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Red Krayola

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Red Krayola (formerly The Red Crayola) was a psychedelicexperimental rock band from Houston, Texas, formed by art students at the University of St. Thomas (Texas) in 1966. The band was led by singer/guitarist and visual artist Mayo Thompson, along with drummer Frederick Barthelme (brother of novelist Donald Barthelme) and Steve Cunningham. Their work prefiguredpunkpost-punkindie rock and the no wave scene in 1980s New York City.

They made noise rockpsychedelia and occasionally folk/country songs and instrumentals in a DIY fashion, an approach that presaged the lo-fi aesthetic of many 1990s US indie rockgroups. Reviewing the band has produced conflicted results - in an extremely positive review from Pitchfork Media, critic Alex Lindhardt wrote "It's a band that has no idea how to play its instruments. In fact, they don't even know what instruments are, or if the guitarist has the ability to remain conscious long enough to play whatever it is a 'note' might be."[1] He added, "This is a band that was paid ten dollars to stop a performance in Berkeley. If Berkeley's not having it, you know you're in for rough sledding."

Thompson has continued using the name, in its legally required permutation The Red Krayola, for his musical projects since.

History[edit source | editbeta]Edit

1960s[edit source | editbeta]Edit

In 1966 the band signed to International Artists, home label to fellow psych-rockers The 13th Floor Elevators that was run by Lelan Rogers (brother of country musician Kenny Rogers). In 1967 the label released the psychedelic album,Parable of Arable Land, featuring six songs by the original three members interwoven with a cacophony generated by approximately 50 anonymous followers known as The Familiar Ugly who appear on a number of noise tracks calledFree-Form Freak-Outs. 13th Floor Elevators frontman Roky Erickson also makes guest appearances on "Hurricane Fighter Plane" (playing organ) and "Transparent Radiation" (on harmonica). The album's title track was a tape loop ofelectronic sounds with musical improvisations layered on top of it, a sound that foreshadowed the Red Krayola's second recording.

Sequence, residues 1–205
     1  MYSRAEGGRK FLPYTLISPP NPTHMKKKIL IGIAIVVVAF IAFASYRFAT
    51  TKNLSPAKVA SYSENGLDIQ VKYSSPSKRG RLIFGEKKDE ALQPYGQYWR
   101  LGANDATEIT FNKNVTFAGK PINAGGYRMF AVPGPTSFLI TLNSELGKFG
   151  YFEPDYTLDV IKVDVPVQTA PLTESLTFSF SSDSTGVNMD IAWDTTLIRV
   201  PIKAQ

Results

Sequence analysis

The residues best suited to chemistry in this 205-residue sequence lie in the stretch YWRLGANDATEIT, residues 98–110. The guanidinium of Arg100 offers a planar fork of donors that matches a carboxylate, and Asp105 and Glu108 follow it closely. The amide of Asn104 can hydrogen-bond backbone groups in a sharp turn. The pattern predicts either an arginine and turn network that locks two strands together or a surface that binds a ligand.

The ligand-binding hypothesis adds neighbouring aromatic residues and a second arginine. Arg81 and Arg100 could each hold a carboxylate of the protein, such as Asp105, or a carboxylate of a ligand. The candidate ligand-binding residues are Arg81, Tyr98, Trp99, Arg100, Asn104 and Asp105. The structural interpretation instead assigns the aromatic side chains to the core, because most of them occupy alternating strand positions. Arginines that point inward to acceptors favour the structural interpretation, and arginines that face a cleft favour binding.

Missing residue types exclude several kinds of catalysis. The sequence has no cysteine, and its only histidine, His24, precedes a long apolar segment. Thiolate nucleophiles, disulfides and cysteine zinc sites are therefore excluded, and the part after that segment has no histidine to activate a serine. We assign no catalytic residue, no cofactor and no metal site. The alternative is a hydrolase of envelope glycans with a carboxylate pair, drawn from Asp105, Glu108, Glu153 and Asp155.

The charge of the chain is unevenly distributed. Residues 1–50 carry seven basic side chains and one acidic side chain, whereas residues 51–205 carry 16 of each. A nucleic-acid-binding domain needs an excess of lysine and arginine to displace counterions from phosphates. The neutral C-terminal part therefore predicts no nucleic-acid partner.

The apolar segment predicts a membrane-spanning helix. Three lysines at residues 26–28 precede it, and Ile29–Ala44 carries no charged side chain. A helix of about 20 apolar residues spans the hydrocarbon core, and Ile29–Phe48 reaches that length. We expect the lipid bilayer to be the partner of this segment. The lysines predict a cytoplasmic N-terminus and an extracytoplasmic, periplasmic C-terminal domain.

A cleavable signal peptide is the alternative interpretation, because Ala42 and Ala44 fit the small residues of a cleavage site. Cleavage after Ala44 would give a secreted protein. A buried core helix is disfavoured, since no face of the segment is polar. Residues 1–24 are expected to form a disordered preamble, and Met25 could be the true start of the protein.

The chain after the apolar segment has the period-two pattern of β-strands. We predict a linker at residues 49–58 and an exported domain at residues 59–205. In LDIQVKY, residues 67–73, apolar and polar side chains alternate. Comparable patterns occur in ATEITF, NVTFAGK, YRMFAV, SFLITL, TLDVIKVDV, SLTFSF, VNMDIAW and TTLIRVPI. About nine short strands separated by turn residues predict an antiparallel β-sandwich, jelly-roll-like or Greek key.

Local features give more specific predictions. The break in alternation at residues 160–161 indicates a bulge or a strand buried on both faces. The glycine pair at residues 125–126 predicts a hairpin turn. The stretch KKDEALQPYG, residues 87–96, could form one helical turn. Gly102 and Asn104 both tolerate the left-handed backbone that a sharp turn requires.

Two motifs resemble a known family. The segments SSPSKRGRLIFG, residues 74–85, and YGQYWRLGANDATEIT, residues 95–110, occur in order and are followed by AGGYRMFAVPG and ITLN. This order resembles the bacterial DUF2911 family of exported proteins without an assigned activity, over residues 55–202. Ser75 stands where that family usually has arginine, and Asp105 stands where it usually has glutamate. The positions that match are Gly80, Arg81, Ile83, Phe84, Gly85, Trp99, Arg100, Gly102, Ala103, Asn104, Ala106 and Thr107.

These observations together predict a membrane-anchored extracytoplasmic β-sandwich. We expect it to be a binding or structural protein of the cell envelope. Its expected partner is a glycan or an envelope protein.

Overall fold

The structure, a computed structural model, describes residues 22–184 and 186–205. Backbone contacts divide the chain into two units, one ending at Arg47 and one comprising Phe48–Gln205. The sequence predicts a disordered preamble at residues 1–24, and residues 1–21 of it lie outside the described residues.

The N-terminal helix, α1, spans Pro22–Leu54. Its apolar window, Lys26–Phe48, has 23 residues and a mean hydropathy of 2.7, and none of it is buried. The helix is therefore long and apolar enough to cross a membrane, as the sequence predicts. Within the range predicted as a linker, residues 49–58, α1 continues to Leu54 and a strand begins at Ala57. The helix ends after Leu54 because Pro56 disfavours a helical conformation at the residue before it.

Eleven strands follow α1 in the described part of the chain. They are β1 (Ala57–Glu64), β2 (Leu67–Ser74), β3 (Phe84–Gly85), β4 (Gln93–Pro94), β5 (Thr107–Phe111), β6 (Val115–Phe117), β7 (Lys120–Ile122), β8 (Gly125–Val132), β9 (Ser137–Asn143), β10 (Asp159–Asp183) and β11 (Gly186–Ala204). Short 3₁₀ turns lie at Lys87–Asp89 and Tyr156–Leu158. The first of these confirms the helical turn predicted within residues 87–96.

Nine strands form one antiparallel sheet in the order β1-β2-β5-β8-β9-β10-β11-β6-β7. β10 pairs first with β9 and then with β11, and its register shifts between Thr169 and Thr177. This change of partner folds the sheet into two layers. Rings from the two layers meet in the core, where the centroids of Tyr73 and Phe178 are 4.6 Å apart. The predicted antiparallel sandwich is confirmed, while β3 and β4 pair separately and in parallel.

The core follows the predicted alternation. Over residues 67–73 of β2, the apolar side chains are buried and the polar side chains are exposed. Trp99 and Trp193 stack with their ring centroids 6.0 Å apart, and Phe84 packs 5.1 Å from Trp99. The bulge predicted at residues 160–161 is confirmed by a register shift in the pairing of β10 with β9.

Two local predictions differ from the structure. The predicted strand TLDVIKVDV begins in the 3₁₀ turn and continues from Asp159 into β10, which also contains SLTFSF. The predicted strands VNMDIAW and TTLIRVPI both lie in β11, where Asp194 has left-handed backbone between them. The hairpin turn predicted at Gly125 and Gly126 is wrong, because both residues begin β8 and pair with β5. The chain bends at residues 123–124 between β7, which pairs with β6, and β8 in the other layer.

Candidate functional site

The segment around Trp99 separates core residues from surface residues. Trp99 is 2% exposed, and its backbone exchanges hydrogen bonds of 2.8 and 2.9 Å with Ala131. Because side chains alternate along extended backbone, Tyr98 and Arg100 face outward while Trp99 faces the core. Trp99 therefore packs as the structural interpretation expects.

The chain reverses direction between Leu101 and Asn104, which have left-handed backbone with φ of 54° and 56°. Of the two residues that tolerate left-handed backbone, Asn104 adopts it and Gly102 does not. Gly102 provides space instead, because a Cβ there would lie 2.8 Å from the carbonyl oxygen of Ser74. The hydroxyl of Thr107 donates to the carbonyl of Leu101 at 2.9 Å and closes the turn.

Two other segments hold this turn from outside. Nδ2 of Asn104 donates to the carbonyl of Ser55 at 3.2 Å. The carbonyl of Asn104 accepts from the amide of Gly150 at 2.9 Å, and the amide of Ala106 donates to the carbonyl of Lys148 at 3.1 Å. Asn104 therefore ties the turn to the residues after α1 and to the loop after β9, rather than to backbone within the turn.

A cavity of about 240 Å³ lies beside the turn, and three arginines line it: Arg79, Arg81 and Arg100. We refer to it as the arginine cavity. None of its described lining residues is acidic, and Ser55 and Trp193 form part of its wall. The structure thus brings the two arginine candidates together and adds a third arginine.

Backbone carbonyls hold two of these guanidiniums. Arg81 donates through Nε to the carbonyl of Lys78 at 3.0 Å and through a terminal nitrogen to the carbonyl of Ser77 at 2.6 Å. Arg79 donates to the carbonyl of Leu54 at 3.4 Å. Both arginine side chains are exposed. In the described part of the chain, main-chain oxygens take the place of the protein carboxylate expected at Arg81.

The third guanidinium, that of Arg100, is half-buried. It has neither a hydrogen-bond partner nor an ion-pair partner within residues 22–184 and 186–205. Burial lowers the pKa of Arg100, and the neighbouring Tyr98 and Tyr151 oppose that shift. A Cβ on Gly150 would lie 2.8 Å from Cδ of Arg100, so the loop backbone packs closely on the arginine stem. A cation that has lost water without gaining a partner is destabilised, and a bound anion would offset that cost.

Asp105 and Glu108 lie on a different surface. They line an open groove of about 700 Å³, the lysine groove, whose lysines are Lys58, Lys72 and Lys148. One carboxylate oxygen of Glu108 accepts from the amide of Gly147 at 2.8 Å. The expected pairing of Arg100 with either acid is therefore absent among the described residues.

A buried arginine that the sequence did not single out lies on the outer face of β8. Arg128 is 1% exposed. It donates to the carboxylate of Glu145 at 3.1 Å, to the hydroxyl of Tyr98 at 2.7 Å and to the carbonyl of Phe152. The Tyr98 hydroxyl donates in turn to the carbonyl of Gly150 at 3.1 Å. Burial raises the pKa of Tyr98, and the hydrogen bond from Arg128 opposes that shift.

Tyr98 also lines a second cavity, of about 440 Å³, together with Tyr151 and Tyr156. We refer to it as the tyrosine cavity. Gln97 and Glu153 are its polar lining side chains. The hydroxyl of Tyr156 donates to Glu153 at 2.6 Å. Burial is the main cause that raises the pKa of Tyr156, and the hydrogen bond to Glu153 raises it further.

The album Coconut Hotel was recorded in 1967 but rejected by International Artists for its lack of commercial potential because of its complete departure from the full-sounding guitar/bass/drums/vocals rock sound of the Red Krayola's first album. Coconut Hotel featured such self-described tracks as "Organ Buildup", "Free Guitar" and a series of atonal "One-Second Pieces" for pianotrumpet and percussion. The album did not see release until 1995. During this period, the band performed a concert in Berkeley, California where they attached a contact microphone to a sheet of aluminium foil that was set under a block of melting ice; this performance is captured on Live 1967. The Red Krayola also performed with guitarist John Fahey and recorded an entire studio album of music in collaboration with him, but label head Lelan Rogers demanded possession of the tapes and recorded documentation of those sessions has been missing ever since.

The band's second album to see release (and the first to be released with the new "Krayola" spelling) was 1968's God Bless the Red Krayola and All Who Sail With ItGod Bless presented a middle ground between Parable of Arable Land and Coconut Hotel, having veered away from the cacophonous psychedelic approach of their first album, but performing short, minimalist songs on electric guitar, bass and drums (interspersed with occasional a cappella harmonies and piano interludes) to achieve some surprisingly melodic results and even more surprisingly off-kilter lyrics. Hints of the as yet unheard music on Coconut Hotel also revealed themselves (the track "Listen To This" is a one-second piece with spoken introduction, and "Free Piece" sounds like an outtake from Coconut Hotel). The album was not as well received as the band's first release and the Red Krayola's original lineup disbanded.